When prowling through the aisles of a bookstore, on the hunt, it is easy to become mislead. Prominent displays feature an alluring array of colorful covers and beguiling titles, innocently situated to whet your appetite and ensnare your senses. I have been caught in this marketing trap numerous times, my friends. Lured into some fantasy by my own overactive faculties and then woefully disappointed by the actual words on the pages. But my foray into Caitlin Horrocks’ written world was a very different experience altogether, one that I admittedly underestimated and was thus blindsided by the unapologetic force of her storytelling prowess.
Published earlier in the year by Louisville’s own independent publishing house, Sarabande Books , Caitlin Horrocks’ debut collection of short stories, This Is Not Your City, packs a literary vigor that I was not prepared to receive. The collection consists of thirteen stories each following thirteen women on both darkly comic and frighteningly raw emotional paths. While the collection begins lukewarm, starting slowly and safely with a well-crafted but predictable emotional reflection on childhood titled “Zolaria”, the momentum gains in a quiet crescendo with each building tale.
Horrocks is a true character chameleon, able to ease from one voice to the next with the simplicity of changing masks. Her narrative voice never failed to transition gracefully, deftly and believably probing the minds of women from a myriad of backgrounds: a Russian mail-order bride in Finland, an uncertain young teacher with dark-minded recesses, the stolid and simple wife of an animal kidnapper. The situations could not be more varied from each other, the influences more distinct or changing, but Horrocks guides the reader through the diversity with a quiet yet firm hand.
Stories like the oddly creepy “Zero Confidential” and the sad and transfixing “Going to Estonia”, present both Horrocks’ descriptive skill and her effortless – yet utterly direct – delivery. In a tone that is casual and easy, Horrocks uses her talent to paint a raw portrait of reality, bolding asserting the uncomfortable and unromantic actualities of being human. Despite the varying speakers and changing character perspectives, this theme of the un-beautiful, the stark and bleak corners of the mind carries throughout, manifesting differently, but strongly in each situation.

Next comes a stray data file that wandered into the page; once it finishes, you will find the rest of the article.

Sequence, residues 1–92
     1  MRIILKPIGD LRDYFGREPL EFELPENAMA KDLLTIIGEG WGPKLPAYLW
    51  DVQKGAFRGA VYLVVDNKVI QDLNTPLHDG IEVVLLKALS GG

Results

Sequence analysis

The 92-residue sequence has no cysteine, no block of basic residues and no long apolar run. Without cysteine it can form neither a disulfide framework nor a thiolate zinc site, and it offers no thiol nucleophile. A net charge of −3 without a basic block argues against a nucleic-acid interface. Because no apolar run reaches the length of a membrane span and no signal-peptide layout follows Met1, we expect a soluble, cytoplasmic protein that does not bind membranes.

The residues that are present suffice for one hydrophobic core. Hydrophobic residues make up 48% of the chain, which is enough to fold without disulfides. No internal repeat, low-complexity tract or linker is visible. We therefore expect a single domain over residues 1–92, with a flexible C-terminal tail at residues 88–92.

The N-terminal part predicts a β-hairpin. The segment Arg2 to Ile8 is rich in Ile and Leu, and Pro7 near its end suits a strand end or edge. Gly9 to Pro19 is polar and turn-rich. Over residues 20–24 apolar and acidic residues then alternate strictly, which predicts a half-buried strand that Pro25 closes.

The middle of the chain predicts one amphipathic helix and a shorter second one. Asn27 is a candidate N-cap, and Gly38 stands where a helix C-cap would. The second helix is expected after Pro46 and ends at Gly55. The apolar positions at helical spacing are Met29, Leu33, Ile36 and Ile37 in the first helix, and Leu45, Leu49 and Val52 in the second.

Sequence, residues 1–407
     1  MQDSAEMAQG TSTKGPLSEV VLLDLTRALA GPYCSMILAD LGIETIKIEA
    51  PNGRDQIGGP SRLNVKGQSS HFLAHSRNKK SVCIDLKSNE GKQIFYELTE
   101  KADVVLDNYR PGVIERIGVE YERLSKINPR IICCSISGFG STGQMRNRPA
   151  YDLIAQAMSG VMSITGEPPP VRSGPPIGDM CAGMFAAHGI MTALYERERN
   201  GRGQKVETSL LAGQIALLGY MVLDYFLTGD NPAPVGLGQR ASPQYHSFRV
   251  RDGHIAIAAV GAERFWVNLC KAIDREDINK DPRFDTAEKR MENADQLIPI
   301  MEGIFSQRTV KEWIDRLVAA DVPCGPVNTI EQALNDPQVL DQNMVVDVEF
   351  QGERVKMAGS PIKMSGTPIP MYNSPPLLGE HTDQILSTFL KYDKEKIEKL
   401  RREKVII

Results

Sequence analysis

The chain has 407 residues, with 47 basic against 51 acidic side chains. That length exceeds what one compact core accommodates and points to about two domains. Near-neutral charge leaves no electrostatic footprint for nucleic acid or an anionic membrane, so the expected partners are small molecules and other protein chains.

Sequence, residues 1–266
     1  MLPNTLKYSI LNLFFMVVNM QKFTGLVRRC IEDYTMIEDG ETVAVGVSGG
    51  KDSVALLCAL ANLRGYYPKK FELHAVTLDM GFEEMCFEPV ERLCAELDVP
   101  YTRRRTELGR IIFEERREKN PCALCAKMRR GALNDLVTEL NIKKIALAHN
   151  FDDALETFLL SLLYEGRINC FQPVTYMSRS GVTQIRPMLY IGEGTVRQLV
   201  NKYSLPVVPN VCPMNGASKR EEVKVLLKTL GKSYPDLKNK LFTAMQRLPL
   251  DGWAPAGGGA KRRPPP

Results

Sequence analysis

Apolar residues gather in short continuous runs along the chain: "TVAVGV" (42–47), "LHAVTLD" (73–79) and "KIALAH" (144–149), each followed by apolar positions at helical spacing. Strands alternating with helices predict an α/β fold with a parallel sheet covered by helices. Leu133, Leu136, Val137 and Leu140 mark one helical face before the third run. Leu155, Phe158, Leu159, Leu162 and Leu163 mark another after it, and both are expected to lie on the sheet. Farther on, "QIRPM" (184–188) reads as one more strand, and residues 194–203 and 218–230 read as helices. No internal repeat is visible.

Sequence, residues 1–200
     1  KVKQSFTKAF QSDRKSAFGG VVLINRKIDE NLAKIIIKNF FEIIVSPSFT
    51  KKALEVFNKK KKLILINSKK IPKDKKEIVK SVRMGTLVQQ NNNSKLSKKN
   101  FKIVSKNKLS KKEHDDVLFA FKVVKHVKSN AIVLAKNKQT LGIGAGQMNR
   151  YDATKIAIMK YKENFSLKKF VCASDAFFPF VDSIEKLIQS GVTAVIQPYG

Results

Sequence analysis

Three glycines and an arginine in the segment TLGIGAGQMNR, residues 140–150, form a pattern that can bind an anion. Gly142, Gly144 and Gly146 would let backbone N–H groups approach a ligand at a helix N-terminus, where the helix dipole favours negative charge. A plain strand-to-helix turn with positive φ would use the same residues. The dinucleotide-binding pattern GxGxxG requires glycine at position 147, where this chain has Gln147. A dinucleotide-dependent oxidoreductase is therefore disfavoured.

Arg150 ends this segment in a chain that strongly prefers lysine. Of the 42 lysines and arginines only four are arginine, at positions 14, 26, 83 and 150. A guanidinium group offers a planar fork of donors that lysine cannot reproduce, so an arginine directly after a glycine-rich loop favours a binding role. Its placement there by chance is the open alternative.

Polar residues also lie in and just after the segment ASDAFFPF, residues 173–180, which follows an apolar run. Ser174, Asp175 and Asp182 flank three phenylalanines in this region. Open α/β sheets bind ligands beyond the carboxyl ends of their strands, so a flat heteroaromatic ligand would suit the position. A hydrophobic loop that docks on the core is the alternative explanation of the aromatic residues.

Although the title of the collection shares its namesake with only one of the stories, each piece contributes to this moniker of displacement whether literally, emotionally or psychologically. The sense of place in the collection maintains a continuing strength; cities are named freely while states of mind are not. Instead, the reader is left with the task of working out the hooks, snares and fumbles that keep each character bound to their inner demons and displaced from the outer world. Gregariously scrubbing away the fairytale sheen, Horrocks explores the discomfort of relocation, of mental and psychological withdrawal into the dark alcoves that slash our roots in the named and physical world. She leads the reader outside of the soft, gentle comfort zones that comprise our outer facades and plunges unapologetically into the shadowed and often frightening motivations behind our eyes – those primordial corners that polite society hushes up and shews away.
Horrocks uses these confused and often misguided voices to reveal the sense of self that is detached from the labels we rely on for direction, comfort and clarity. We grope in the dark for the safety net of the understood, marked and arranged to escape the ousted feelings, the sense of not having a “city” base to lean into for bearing. Without the guiding presence of the known to anchor ourselves, we, along with Horrocks’ characters, float in the in the microcosm of our inner demons, forced to face that which is secret and juxtaposed with the visceral and solid façade of the known.
While the thought of our own revealed darkness standing naked before us is a fear that simmers in most of us, Horrocks invites intrepid readers to query those dusky and unadorned nooks in a powerful, albeit short, collection of stories. While unsettling in subject matter, Horrocks’ writing possesses a degree of depth rarely visited in modern storytelling. While her message can be harsh and her portrait of life an arm-twisting look at the raw, Horrocks’ literary dexterity is unparalleled; her prose is a natural talent that flows seamlessly with the understory. This, my friends, is the kind of writing that makes you envious.
Don’t spare a second glance for the flashy displays, dear readers. Instead, make a bee-line for the quiet shelf, the subtle spot erstwhile unknown. Breathe deep, hold your sense of self tight and let This Is Not Your City challenge you.
Photo: Courtesy of www.litstack.com